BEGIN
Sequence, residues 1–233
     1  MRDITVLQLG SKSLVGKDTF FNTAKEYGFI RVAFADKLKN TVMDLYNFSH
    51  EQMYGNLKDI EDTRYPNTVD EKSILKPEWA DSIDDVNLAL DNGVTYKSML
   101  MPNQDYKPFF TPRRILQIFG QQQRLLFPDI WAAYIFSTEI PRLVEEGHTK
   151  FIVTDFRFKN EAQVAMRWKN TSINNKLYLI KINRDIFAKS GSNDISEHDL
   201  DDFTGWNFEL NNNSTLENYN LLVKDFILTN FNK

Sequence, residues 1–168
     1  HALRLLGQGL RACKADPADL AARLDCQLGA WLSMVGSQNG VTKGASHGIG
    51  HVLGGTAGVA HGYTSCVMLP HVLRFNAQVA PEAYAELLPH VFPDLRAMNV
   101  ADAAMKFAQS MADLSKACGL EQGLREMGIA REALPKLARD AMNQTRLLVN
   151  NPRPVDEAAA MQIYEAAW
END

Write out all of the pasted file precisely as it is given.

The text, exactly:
Sequence, residues 1–233
     1  MRDITVLQLG SKSLVGKDTF FNTAKEYGFI RVAFADKLKN TVMDLYNFSH
    51  EQMYGNLKDI EDTRYPNTVD EKSILKPEWA DSIDDVNLAL DNGVTYKSML
   101  MPNQDYKPFF TPRRILQIFG QQQRLLFPDI WAAYIFSTEI PRLVEEGHTK
   151  FIVTDFRFKN EAQVAMRWKN TSINNKLYLI KINRDIFAKS GSNDISEHDL
   201  DDFTGWNFEL NNNSTLENYN LLVKDFILTN FNK

Sequence, residues 1–168
     1  HALRLLGQGL RACKADPADL AARLDCQLGA WLSMVGSQNG VTKGASHGIG
    51  HVLGGTAGVA HGYTSCVMLP HVLRFNAQVA PEAYAELLPH VFPDLRAMNV
   101  ADAAMKFAQS MADLSKACGL EQGLREMGIA REALPKLARD AMNQTRLLVN
   151  NPRPVDEAAA MQIYEAAW